Every fortnight I curate some of the observations and insights that were shared on social media. I call these Friday’s Finds.
@vtg2 — “I’m beginning to think ‘hindsight is 2020’ was some kind of message from a future time traveler that we all misunderstood.”
@ComplexWales — “I had a teacher who filled the bell in Drama Hall with foam. As more students arrived, they simply joined in & it sometimes lasted a whole day. A few teachers kicked off but got nowhere. The headmaster didn’t believe in separating children by their date of manufacture.”
“It’s called the “Clothesline Paradox.” The author, Steve Baer, was talking about alternative energy. The thesis is simple: You put your clothes in the dryer, and the energy you use gets measured and counted. You hang your clothes on the clothesline, and it “disappears” from the economy. It struck me that there are a lot of things that we’re dealing with on the Internet that are subject to the Clothesline Paradox. Value is created, but it’s not measured and counted. It’s captured somewhere else in the economy.”
“But over the next five years—as its security team would discover the hack, probe it, then set it aside—Nortel, a global technological juggernaut, would respond to one of the longest-running Chinese hacks of the decade with a password update and a series of overtures to Huawei. Owens [Nortel CEO] met repeatedly with Ren [Huawei founder] about a possible merger. He stepped aside in November 2005 for Mike Zafirovski, who in his previous job as chief operating officer at Motorola Inc. had nearly closed a secret deal to buy Huawei two years earlier. Under Zafirovski, Nortel and Huawei discussed a joint venture in routers and switches, a sale of its Ethernet division, and even a potential rescue during its final weeks.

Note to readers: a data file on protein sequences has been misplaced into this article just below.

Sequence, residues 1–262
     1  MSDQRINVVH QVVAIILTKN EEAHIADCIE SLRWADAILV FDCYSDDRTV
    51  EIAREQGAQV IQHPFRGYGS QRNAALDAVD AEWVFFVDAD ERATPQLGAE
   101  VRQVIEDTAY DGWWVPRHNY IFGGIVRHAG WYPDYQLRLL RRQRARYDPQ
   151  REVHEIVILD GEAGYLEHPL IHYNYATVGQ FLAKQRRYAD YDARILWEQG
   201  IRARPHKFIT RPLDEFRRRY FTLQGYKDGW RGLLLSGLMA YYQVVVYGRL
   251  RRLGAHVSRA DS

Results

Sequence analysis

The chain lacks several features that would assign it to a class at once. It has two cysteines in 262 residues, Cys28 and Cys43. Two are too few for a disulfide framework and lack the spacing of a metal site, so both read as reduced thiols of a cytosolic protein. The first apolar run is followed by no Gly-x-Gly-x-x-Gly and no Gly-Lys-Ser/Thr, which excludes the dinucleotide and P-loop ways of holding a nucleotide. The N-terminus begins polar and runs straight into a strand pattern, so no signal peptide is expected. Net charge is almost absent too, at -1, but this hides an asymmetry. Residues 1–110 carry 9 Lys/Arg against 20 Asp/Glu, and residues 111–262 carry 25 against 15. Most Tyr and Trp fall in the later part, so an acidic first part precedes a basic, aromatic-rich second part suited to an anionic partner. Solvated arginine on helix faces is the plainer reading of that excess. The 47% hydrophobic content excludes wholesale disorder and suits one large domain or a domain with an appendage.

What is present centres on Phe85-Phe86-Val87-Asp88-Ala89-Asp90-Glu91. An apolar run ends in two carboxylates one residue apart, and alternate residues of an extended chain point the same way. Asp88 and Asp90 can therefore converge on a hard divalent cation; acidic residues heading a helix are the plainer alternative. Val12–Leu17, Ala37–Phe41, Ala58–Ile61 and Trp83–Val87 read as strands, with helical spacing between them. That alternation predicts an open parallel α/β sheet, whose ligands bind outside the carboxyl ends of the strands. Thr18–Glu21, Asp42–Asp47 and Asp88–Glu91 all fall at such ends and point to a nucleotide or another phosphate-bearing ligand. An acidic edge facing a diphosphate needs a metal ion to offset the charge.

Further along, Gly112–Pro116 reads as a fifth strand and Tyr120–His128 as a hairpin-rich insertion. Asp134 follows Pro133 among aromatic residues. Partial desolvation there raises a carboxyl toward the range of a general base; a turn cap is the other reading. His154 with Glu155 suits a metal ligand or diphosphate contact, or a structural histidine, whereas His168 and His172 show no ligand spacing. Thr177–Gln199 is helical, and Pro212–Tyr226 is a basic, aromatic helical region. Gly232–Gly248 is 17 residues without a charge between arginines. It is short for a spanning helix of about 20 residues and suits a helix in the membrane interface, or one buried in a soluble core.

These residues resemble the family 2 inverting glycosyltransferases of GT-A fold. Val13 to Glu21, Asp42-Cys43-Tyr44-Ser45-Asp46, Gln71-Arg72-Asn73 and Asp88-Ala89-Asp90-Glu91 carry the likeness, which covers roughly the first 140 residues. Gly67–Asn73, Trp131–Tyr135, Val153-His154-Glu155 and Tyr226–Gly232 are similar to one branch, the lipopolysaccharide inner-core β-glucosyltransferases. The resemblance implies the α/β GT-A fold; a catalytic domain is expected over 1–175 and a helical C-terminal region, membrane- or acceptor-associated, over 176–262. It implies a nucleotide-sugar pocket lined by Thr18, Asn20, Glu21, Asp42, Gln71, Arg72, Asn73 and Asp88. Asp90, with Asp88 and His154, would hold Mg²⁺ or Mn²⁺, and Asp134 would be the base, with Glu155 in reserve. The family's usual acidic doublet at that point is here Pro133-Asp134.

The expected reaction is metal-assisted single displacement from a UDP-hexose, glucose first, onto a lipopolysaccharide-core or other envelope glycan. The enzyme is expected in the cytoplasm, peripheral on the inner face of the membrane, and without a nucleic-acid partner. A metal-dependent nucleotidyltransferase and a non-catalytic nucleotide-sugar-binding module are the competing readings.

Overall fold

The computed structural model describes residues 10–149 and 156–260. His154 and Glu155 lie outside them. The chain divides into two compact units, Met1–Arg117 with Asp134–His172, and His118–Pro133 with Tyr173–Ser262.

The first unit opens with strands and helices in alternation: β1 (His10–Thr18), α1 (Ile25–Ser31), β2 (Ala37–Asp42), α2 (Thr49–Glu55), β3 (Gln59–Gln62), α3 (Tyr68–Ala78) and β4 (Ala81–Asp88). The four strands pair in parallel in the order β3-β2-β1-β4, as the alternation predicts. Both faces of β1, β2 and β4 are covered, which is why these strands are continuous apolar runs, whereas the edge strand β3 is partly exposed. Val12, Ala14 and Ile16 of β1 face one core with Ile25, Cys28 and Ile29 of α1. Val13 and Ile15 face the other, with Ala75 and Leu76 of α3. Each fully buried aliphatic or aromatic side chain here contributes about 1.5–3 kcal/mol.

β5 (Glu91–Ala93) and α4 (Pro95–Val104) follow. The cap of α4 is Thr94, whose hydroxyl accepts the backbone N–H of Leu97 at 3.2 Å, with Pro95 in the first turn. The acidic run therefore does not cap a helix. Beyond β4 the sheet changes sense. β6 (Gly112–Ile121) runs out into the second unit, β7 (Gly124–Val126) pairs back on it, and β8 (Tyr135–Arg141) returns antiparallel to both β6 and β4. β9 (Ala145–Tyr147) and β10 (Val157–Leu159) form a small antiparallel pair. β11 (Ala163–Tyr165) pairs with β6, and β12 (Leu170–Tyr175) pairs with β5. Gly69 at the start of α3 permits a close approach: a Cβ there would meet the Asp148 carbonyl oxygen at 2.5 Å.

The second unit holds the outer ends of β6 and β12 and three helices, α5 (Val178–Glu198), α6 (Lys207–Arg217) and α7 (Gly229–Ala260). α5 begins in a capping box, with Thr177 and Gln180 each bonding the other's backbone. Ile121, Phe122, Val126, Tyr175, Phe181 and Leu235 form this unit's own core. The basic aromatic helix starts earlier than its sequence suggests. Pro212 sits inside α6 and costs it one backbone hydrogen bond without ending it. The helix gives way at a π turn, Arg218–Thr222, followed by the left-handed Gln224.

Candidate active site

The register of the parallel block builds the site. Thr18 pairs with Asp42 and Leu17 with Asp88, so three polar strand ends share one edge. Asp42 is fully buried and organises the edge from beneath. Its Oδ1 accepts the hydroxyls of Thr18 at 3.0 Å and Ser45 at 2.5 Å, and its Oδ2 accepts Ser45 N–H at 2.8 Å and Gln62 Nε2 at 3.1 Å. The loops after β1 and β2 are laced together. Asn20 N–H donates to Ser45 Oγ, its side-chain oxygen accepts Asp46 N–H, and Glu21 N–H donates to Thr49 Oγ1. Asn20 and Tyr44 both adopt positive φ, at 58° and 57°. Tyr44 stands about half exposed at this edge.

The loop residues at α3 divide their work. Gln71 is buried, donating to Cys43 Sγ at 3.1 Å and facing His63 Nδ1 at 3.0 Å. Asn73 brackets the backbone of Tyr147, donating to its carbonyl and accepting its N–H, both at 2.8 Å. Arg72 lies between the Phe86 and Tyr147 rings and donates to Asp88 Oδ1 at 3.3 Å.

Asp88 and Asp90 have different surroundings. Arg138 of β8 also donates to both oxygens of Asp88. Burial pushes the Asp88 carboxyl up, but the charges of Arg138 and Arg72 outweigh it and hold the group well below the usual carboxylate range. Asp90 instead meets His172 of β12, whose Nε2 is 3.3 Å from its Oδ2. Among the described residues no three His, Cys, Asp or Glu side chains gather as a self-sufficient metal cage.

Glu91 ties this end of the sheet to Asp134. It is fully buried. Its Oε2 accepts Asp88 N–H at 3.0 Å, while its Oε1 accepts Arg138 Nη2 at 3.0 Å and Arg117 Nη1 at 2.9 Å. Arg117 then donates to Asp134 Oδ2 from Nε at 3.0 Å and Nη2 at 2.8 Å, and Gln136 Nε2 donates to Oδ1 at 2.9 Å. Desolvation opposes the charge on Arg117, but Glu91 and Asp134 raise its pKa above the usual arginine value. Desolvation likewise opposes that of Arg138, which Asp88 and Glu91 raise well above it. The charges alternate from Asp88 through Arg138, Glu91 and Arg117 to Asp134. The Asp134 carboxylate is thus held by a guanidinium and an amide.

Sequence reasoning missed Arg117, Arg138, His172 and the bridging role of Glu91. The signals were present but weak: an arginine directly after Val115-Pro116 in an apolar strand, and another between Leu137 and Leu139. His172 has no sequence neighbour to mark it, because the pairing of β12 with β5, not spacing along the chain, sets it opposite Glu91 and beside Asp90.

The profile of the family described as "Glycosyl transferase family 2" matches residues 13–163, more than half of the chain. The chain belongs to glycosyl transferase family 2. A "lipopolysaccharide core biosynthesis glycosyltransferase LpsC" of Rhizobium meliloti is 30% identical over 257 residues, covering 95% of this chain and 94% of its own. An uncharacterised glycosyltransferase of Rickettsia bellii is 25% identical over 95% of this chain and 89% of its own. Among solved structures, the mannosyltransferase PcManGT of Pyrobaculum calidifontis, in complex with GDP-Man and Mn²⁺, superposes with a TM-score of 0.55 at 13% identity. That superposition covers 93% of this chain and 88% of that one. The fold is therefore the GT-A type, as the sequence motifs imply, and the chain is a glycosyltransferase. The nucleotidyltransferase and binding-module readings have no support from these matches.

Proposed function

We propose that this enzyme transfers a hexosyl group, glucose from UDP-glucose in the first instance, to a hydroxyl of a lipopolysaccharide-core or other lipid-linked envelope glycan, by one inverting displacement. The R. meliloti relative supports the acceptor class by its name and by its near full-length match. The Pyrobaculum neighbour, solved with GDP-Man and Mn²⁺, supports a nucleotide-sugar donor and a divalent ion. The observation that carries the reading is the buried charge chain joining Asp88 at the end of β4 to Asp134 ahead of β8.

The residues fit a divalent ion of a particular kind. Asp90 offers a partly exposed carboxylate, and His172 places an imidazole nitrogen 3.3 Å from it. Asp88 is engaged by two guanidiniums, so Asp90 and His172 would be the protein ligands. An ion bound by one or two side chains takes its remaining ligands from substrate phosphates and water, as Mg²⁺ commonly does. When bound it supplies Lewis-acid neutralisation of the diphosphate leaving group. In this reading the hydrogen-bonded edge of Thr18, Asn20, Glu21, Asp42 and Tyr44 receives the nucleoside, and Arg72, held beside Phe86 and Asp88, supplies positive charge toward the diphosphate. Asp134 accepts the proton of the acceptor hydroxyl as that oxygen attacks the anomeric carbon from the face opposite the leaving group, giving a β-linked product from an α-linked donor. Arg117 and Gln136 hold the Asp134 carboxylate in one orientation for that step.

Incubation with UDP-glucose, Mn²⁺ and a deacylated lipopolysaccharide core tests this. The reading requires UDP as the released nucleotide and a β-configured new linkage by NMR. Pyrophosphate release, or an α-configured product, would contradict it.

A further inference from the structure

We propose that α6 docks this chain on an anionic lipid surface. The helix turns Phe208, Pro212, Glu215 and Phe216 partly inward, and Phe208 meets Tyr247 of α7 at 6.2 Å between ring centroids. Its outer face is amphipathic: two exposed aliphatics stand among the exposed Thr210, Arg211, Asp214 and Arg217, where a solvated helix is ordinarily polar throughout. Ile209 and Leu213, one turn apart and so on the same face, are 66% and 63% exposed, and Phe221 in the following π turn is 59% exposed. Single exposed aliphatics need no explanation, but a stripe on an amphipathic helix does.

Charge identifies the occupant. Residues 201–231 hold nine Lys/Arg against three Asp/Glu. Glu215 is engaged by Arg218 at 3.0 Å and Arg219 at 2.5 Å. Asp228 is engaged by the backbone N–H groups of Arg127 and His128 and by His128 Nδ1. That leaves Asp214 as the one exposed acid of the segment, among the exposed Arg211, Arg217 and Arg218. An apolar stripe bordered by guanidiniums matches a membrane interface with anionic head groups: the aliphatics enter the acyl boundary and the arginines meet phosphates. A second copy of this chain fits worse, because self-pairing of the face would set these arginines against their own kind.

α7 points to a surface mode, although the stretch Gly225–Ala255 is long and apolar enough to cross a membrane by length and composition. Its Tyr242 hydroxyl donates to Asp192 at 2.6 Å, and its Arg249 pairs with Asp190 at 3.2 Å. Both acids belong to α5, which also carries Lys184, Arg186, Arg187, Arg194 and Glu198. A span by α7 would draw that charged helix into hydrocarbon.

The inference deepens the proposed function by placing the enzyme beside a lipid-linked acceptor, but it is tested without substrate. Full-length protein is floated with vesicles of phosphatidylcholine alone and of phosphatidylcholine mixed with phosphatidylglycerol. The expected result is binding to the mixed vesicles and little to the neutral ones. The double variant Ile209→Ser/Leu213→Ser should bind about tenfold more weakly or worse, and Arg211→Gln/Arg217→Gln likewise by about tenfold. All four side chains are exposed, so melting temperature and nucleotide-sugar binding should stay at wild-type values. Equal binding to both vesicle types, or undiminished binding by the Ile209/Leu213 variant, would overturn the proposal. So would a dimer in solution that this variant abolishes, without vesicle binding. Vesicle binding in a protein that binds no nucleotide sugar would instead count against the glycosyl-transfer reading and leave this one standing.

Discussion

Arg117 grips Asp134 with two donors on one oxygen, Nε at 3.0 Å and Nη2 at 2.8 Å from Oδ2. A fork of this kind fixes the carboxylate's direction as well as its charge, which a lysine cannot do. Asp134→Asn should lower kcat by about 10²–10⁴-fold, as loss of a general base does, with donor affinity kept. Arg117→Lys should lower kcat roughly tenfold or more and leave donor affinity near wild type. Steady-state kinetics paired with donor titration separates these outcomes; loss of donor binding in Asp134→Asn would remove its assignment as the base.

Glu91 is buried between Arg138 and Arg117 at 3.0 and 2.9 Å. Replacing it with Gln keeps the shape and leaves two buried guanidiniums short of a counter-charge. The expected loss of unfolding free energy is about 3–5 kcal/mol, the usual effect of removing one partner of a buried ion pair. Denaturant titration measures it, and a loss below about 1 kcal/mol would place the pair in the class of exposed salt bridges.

None of those panned out, which may not have mattered much to the Chinese company, because as Nortel was collapsing, Huawei quietly hired about 20 Nortel scientists who’d been developing the groundwork for 5G wireless technology.”
“‘Discourses of climate delay’ pervade current debates on climate action. These discourses accept the existence of climate change, but justify inaction or inadequate efforts. In contemporary discussions on what actions should be taken, by whom and how fast, proponents of climate delay would argue for minimal action or action taken by others. They focus attention on the negative social effects of climate policies and raise doubt that mitigation is possible. Here, we outline the common features of climate delay discourses and provide a guide to identifying them.”